My rating: 4 of 5 stars
Lolita (1955) by Vladimir Nabokov is one of the most controversial books in the past one hundred years, and yet Nabokov’s novel remains successful despite a grown man repeatedly having sexual intercourse with a teen step-daughter (a topic most writers and readers run from).
Humbert Humbert, an intelligent eccentric, and the nymphet Dolores Haze are woven into a passionate plea of obsession and passion. How, then, did Nabokov transform a perverted plot into a masterful work of art?
One of the primary craft techniques Nabokov uses is found in America’s modern code of civility. Before one can judge, one must listen. Even to a madman. Nabokov understood this societal delay and he took advantage of it in order to have the reader follow one man’s memories of loving a girl-child. “Good stories,” writes Jerome Stern in Making Shapely Fiction, “intrigue readers from the first words of the first sentence” (70).
As of the first sentence and the first page, Nabokov, through the character Humbert, implores the reader to listen to the “love” story about Lolita and suspend judgment (i.e., closing the book) on Humbert: “Ladies and gentlemen of the jury, exhibit number one is what the seraphs, the misinformed, simple, noble-winged seraphs, envied. Look at this tangle of thorns” (Nabokov 9).
Humbert beckons the reader to “look” and not turn away, but to suspend judgment (i.e., read the book) and then make a decision (i.e., to appreciate or not appreciate the story). And being civil and respectful to social norms the reader agrees with this author-reader contract and continues forward on this untoward journey.
Nabokov, however, cannot abandon this pact with the reader and must return to the device throughout the latter pages. When Humbert has his first sexual encounter with Dolores, like a knowledgeable writer, Nabokov addresses the reader once more with “of the jury” in order to sustain the fictive dream by withholding personal opinions in order to learn the events, no matter how explicit or gruesome they may be:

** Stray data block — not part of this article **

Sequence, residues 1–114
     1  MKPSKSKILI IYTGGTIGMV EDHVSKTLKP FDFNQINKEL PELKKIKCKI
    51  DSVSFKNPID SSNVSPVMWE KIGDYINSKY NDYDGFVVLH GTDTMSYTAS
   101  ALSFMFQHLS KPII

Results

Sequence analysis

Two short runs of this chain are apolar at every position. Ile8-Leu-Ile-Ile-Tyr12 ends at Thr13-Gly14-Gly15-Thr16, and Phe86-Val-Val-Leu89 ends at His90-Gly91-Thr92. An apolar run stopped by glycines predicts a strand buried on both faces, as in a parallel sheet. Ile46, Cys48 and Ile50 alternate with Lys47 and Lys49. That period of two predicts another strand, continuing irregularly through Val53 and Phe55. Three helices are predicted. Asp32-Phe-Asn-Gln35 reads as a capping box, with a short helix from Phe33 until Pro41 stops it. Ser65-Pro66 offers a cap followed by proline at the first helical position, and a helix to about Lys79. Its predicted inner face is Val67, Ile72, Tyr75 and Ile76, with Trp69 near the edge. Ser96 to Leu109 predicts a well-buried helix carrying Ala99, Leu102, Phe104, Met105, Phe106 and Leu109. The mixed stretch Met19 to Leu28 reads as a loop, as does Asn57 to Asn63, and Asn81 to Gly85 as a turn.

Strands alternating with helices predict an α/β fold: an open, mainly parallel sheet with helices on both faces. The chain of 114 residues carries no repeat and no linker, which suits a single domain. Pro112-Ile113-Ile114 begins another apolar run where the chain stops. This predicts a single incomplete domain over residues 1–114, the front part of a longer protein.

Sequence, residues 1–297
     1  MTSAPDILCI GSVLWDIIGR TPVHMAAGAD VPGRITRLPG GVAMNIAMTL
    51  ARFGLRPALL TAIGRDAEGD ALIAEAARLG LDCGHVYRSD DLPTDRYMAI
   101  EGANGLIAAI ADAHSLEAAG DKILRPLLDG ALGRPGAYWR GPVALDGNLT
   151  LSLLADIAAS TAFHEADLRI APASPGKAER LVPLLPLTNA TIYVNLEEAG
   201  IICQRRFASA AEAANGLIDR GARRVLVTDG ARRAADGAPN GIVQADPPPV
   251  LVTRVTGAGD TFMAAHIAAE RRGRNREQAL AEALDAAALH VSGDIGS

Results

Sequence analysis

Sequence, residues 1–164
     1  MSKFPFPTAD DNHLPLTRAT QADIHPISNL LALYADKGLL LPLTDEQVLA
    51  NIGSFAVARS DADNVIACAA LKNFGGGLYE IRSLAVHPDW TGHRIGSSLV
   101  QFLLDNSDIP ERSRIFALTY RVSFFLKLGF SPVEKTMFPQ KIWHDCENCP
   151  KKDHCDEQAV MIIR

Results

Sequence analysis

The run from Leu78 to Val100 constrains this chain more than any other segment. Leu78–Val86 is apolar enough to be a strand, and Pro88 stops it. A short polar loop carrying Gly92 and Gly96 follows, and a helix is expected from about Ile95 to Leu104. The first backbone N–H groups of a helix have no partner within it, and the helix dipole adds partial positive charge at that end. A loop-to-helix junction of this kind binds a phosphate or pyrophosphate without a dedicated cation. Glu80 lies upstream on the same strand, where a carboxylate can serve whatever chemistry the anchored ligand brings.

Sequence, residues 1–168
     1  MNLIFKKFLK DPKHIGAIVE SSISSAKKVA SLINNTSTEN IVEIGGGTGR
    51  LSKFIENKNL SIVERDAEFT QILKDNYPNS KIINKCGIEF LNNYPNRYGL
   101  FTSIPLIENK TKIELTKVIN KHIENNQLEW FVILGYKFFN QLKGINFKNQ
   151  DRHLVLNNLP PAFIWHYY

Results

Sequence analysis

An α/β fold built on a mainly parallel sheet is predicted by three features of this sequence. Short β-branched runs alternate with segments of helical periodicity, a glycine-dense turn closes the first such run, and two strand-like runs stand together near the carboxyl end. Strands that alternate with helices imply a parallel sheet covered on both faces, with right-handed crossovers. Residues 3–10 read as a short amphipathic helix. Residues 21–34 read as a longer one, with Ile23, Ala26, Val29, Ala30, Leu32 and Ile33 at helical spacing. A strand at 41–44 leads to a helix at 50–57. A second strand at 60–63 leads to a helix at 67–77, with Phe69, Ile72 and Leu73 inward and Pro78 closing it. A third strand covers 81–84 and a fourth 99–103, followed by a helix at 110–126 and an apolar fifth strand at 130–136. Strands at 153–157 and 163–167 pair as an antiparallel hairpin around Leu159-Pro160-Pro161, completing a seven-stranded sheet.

There seemed to be nothing to prevent my muscular thumb from reaching the hot hollow of her groin—just as you might tickle and caress a giggling child—just that—and: “Oh it’s nothing at all,” she cried with a sudden shrill note in her voice, and she wiggled, and squirmed, and threw her head back, and her teeth rested on her glistening underlip as she half-turned away, and my moaning mouth, gentlemen of the jury, almost reached her bare neck, while I crushed out against her left buttock the last throb of the longest ecstasy man or monster had ever known (Nabokov 61).
Notice how the narrator addresses the “gentlemen of the jury” and not the “ladies” as before. Humbert’s confession becomes more like two men chatting over beers speaking about past escapades than it does a regretful man molesting a girl-child. He is as a magician leaning in with snake-tongue and saying, “Listen. I’ll be honest,” and the next thing the listener knows is that she has been duped out of her life savings.
Later on Humbert even invokes the reader’s intelligence in order to try and convince rather than confess by mentioning historical evidence regarding young teens and sexual relations. “The stipulation of the Roman law,” Humbert narrates, “according to which a girl may marry at twelve, was adopted by the Church, and is still preserved, rather tacitly, in some of the United States” (Nabokov 135).
Without question it is a beguiling argument inculpating the law and religion, simultaneously making an exception for Humbert’s guilt, and it is done with ease and skill of a seasoned writer.
In How Fiction Works James Wood argues “that novels tend to fail not when the characters are not vivid or deep enough, but when the novel in question has failed to teach us how to adapt to its conventions, has failed to manage a specific hunger for its own characters, its own reality level” (120).
Adapting a reader to the style of the story is vital, and Nabokov is successful at performing this task by addressing the reader as a member of a jury. The tactic also serves, in the end, as a realistic device since the reader discovers that Humbert is likely on trial for his life because he murdered a man who had stolen Dolores from him.